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3240 NW 7th Street, Miami, FL 33125


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Diagnostic Services

       Hospital Hours
Monday to Thursday:   9 AM-5 PM
Saturday:                        9 AM-12 PM
Friday and Sunday:      Closed                 

In House Laboratory

Our hospital maintains a full service diagnostic laboratory that allows us to perform complete blood counts, chemistry profiles, electrolytes, urinalysis, fecal exams, and other valuable tests for your pet. With our advanced laboratory technology, we are able to receive fast and accurate results, helping to determine your pet's diagnosis and what treatment therapy is required.Our complete in-house laboratory is particularly essential to our emergency and critical care cases. We also offer several tests as part of your pet's wellness exam and specialized testing if your pet is in his or her senior years.

Laboratory testing allows us an opportunity to gain a view inside your pet's body in order to assess overall systemic health without the need for invasive and expensive procedures. This is why we maintain a full in-house laboratory at Immunization and Sterilization Services and we will regularly test your pet during wellness exams or when we suspect your pet may have a health issue.

Generally, we can have results within 15 minutes for the following tests: Fecal test, heartworm test, complete blood count, blood chemistry, blood clotting, microscopic examination of blood. We also frequently evaluate skin cytologies, ear cytologies, skin scrapings, and fungal cultures for the purpose of diagnosing various dermatologic conditions that may be affecting your pet.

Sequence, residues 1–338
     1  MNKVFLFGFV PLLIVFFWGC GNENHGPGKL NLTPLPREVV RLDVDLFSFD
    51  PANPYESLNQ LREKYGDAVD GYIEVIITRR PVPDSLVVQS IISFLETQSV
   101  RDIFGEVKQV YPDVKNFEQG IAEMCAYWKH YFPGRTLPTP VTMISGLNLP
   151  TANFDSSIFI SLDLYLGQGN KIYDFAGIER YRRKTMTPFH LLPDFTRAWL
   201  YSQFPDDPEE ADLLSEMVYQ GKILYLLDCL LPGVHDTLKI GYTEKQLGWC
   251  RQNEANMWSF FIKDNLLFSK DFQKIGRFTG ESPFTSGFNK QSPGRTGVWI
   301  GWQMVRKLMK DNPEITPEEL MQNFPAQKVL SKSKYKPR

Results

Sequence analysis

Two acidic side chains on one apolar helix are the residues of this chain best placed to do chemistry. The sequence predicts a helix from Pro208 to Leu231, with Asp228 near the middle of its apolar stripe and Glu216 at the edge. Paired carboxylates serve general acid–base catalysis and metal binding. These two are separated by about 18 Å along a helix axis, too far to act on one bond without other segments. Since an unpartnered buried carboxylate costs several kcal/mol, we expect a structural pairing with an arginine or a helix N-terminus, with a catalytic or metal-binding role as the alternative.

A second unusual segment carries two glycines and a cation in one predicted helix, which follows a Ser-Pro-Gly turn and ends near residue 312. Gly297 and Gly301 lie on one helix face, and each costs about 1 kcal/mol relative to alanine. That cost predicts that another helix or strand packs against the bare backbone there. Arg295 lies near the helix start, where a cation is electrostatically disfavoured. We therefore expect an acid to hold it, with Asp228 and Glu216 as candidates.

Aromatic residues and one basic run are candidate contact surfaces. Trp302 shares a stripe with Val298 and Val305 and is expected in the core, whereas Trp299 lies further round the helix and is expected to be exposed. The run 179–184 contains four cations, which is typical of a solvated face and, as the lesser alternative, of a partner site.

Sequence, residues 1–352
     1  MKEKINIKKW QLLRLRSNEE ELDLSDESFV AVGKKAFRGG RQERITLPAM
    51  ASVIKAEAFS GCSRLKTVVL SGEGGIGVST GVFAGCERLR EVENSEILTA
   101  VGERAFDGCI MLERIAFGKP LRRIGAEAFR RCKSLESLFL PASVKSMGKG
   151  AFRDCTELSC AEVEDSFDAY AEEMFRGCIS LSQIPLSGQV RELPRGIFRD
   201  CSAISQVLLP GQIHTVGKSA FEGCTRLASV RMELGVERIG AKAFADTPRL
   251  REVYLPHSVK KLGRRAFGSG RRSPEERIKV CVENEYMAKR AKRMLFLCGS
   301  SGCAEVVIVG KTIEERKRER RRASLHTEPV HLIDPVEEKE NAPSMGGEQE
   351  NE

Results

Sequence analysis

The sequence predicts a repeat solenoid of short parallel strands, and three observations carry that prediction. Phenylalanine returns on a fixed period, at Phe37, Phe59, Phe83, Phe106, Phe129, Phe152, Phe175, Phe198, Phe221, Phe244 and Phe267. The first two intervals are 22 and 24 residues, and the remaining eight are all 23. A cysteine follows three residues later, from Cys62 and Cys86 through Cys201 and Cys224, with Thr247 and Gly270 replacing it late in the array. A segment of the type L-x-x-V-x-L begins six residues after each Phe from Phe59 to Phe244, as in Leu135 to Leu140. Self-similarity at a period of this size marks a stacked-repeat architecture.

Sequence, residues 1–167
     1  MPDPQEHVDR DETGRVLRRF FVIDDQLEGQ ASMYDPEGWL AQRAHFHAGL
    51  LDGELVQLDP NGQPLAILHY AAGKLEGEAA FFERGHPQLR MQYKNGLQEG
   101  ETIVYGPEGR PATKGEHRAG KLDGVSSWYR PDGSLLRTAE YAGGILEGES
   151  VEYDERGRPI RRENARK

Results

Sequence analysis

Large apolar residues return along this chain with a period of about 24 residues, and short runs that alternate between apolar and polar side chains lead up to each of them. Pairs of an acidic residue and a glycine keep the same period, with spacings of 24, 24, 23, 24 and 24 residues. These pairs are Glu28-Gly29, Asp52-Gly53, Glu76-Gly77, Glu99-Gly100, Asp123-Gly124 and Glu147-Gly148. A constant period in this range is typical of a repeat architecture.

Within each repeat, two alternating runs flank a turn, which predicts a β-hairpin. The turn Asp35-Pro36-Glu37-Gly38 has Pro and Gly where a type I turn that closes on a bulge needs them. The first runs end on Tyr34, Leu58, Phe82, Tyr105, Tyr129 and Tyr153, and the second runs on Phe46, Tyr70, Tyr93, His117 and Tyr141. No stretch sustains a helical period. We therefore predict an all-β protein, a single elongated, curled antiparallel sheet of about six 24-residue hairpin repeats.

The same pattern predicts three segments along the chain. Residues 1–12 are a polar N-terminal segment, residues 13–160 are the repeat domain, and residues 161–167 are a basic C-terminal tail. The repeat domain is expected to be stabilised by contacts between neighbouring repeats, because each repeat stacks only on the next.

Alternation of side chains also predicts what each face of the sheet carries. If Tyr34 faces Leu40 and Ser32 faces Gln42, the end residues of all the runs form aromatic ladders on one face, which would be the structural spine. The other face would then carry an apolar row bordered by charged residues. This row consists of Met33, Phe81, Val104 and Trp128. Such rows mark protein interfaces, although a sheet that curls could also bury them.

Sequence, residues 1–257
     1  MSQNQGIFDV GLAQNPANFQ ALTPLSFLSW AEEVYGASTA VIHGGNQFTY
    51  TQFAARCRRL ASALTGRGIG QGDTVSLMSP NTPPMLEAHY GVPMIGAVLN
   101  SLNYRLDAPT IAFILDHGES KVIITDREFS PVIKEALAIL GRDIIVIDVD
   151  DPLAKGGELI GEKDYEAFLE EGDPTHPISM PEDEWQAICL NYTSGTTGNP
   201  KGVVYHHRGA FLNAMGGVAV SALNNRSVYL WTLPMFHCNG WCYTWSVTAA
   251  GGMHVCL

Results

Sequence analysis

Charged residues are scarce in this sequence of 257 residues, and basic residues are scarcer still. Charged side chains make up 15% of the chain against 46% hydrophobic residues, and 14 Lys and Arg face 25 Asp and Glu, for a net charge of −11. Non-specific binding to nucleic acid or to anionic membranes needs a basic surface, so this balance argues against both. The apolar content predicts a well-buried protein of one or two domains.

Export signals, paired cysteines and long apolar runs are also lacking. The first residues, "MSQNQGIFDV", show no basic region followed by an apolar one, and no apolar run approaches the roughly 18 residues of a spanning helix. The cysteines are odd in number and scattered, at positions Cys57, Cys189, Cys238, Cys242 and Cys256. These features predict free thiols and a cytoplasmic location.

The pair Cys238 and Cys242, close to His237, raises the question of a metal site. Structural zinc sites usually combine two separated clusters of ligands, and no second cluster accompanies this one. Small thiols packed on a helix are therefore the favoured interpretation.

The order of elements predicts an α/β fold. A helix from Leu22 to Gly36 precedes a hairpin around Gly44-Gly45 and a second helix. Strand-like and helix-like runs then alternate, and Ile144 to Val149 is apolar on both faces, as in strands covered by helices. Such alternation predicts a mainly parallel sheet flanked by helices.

Digital Radiography  (X-Rays)

Radiographs are one of the most important diagnostic tools in veterinary medicine. They allow us to view the shape, size and location of organs inside your pet's body. Radiographs are extremely helpful for diagnosing and monitoring many medical and surgical conditions. X-rays are useful for examining your pet's bones, lungs, heart, abdomen, oral cavity and other areas of the body. An x-ray can detect a fractured bone, tumor, heart problem and locate an obstruction or foreign body in your pet's stomach or intestine. X-rays and ultrasound are often utilized together for an even more accurate diagnosis.


Digital radiography (X-Rays) are helpful in identifying a variety of pet health conditions. We use them to evaluate the muscular-skeletal issues, such as bone fractures, hip dysplasia, and cat or dog arthritis. Radiology also is used to examine various organs including the heart, lungs, liver, kidneys, and small intestine for irregularities. These could range from a foreign body lodged in the stomach or intestine, to the presence of fluid, a tumor, or disease.

Digital X-rays are often used in conjunction with veterinary ultrasound when diagnosing pet health conditions. Where X-rays offer a two-dimensional view of organs, ultrasound offers a three-dimensional perspective.The benefits of digital X-ray technology also extend to pet dental care. Digital dental X-rays enable our veterinarians to diagnose issues that may be taking place below your pet’s gum line, such as fractures and bone loss.


Why Digital X Rays is Better?


X-rays have been a dependable veterinary diagnostic tool for a very long time. However, thanks to advances in technology, we are now able to use digital X-rays as opposed to film. The resulting images are produced at a much higher resolution. In addition, specific areas of the image can be enlarged, offering enhanced clarity.

Because the results are available almost instantaneously, our veterinarians can diagnose pet health conditions much more rapidly. Should there be a need for additional insights from a board-certified veterinary specialist, we can email the digital X-rays and have a telephone consult within the same day. This ensures that our pet patients receive the veterinary care they need as soon as possible.